Los Angeles Radio History
by Alex Cosper

see also American Radio History

Introduction 1920s 1930s 1940s 1950s 1960s 1970s 1980s 1990s 2000s

Los Angeles is the second biggest radio market in the country, behind New York City. Over 50 stations populate the radio dial. KROQ, one of the last standing alternative stations in the nation, helped pioneer the format that industry experts said could not be done. A consistent market leader in the 2000s has been contemporary hits trend-setter KIIS (102.7). The station's morning personality, Ryan Seacrest, rose to national celebrity status in 2002 when he became a co-host of the top television series American Idol.

Seacrest had done afternoons at Star 98.7 (KYSR) from 1995 to 2003 and then became host of the syndicated radio countdown American Top 40. He replaced Rick Dees as KIIS morning host in Febuary 2004. Rick Dees returned to L.A. radio in the fall of 2006 on Movin 93.9, after Emmis flipped long time country station KZLA to KMVN, playing a mix of urban, disco and dance classic hits.

Many times what has started in L.A. has been followed by the nation. It was true in the sixties when KHJ became the market leader with top 40 hit music. The consulting team of Bill Drake and Gene Chenault was the key behind KHJ's success beginning in the mid-sixties. They consulted other major market stations after KHJ quickly rose to number one in the market with its fast-paced energetic approach to delivering the hits. "Boss Radio" became the seed of what top 40 radio was through the eighties.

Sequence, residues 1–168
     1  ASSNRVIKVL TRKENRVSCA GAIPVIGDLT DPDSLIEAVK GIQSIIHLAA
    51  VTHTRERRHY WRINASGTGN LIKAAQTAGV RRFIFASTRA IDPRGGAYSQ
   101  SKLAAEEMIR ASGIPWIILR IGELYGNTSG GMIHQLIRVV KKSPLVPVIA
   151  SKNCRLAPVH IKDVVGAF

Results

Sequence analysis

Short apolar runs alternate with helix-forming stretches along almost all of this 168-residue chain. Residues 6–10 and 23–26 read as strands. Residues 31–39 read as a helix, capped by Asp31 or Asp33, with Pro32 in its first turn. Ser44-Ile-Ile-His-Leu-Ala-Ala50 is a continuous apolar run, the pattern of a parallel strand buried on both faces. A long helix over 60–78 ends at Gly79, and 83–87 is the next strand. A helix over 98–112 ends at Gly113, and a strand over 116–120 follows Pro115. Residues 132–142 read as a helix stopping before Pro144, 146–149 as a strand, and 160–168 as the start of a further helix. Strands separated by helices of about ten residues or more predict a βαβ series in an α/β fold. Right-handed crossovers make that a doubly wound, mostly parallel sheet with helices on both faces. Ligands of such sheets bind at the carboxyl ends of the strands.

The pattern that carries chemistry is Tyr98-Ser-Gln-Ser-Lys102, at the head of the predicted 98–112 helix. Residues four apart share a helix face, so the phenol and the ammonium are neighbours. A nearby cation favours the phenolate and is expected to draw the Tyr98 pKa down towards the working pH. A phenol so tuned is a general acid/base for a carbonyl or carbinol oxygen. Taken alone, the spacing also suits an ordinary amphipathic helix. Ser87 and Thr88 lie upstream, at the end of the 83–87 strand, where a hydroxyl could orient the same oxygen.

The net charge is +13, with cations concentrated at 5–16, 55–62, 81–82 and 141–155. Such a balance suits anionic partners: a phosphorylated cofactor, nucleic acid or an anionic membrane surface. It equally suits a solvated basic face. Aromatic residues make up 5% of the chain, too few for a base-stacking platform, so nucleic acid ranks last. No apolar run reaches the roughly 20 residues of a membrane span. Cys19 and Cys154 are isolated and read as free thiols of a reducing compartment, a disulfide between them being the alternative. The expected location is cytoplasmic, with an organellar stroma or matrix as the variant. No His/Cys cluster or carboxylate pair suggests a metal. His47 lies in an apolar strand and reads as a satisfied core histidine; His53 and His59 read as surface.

KHJ's heyday was the sixties and seventies, then KIIS took over as the powerhouse hit station throughout the eighties. The station battled rivals Power 106 and The Beat. By the end of the eighties, it was unclear who held the market throne, but KIIS would inevitably recapture the definite crown in the following decade.

One of the most celebrated stations in L.A. radio history has been KMET, which was a freeform station in the sixties and transformed into an influential album rock station in the seventies. It lasted until 1987, when it became a new age station called The Wave. KLOS and KLSX were rock competitors for many years, but it is usually KMET that is often cited as L.A.'s most legendary rocker.

The station that stole the rock crown in Los Angeles was the one elevated by Rick Carroll, and that was KROQ. It gradually evolved from the early seventies to the late seventies as a mix of album rock and alternative music. Carroll's arrival in the late seventies triggered a more mainstream approach to cutting edge rock music. KROQ has now been the leader for many years in the Los Angeles area rock scene.

Introduction 1920s 1930s 1940s 1950s 1960s 1970s 1980s 1990s 2000s

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